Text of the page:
Mei Lin Tay: Investigating mechanisms of failure for unicompartmental knee replacements
posterposted on 30.09.2021, 06:06 by Mei Lin TayMei Lin Tay
Knee arthroplasty can improve quality of life for patients with end-stage knee osteoarthritis (OA). The need for knee arthroplasty has increased due to an ageing population and increasing obesity. The majority of patients have disease isolated to one compartment and are eligible for a unicompartmental (partial) knee arthroplasty (UKA) instead of total knee arthroplasty (TKA). UKA has advantages over TKA including cost-effectiveness, fewer complications and faster recovery; however UKAs have higher revision rates and consequently lower surgeon usage. A better understanding of the reasons for UKA failure is needed for improved clinical outcomes. We aimed to identify reasons for failure of medial UKAs, and to examine differences by implant types and time.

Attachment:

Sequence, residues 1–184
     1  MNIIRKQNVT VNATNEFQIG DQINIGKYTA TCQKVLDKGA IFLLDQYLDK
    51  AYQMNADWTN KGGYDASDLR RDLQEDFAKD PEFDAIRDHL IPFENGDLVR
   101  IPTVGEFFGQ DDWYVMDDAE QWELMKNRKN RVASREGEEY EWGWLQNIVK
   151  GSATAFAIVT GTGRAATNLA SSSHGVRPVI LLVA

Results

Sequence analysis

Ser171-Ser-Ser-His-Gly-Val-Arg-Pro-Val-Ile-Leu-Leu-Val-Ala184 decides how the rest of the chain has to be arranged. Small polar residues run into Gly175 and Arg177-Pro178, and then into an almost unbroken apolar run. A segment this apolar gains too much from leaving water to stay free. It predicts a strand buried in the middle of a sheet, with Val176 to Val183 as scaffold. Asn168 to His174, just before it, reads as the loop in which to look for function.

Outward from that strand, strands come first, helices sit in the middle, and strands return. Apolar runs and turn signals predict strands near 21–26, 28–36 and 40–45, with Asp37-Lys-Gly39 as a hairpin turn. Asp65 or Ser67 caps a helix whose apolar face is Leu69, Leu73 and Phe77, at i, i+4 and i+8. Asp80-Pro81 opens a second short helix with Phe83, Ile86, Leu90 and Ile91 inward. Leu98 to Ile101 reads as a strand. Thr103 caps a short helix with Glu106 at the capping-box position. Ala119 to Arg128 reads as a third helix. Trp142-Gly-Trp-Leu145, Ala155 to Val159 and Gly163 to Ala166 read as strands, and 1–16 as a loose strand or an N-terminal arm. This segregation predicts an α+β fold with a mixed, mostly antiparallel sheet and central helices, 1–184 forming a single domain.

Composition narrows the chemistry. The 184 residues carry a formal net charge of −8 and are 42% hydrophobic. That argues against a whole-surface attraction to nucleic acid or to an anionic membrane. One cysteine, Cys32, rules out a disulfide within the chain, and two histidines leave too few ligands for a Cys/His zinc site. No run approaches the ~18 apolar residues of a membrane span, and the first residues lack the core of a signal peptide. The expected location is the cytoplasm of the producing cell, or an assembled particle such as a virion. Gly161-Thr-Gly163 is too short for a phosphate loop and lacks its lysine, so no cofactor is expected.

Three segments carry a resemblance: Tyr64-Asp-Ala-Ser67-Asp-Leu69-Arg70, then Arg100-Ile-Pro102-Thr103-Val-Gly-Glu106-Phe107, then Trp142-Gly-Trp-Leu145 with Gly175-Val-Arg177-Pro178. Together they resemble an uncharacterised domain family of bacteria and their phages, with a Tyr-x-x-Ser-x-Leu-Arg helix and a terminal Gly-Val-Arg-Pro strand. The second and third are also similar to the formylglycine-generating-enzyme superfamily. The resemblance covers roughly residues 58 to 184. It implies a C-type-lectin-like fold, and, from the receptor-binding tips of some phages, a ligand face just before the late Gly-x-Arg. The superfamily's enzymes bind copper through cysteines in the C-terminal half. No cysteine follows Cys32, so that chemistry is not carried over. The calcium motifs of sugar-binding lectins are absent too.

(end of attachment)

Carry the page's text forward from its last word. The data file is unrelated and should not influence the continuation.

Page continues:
A systematic review was performed by searching MedLine, EMBASE, CINAHL and Cochrane databases between 2000 and 2020. A retrospective audit of UKA outcomes was conducted using data from the New Zealand Joint Registry combined with electronic patient notes from four large centres (Auckland, Counties Manukau, Canterbury and Waitematā District Health Boards) between 2000 and 2017 (n=2196).
A total of 24 cohort studies were identified in the literature review. The most common indications for UKA revision were aseptic loosening (24%) and OA progression (30%). The retrospective audit showed 2100 medial UKAs were performed between January 2000 and December 2017 with a 93.4% implant survival rate. Reasons for revision in our patient cohort mirrored those found in the systematic review. Early failures were due to infection, bearing dislocation and fractures, whereas late-term failures were due to osteoarthritis progression in the unreplaced compartment. Biologically, both aseptic loosening and osteoarthritis progression are associated with inflammation in surrounding tissues. Further research will focus on investigating the role of underlying inflammatory mechanisms in UKA patient outcomes.
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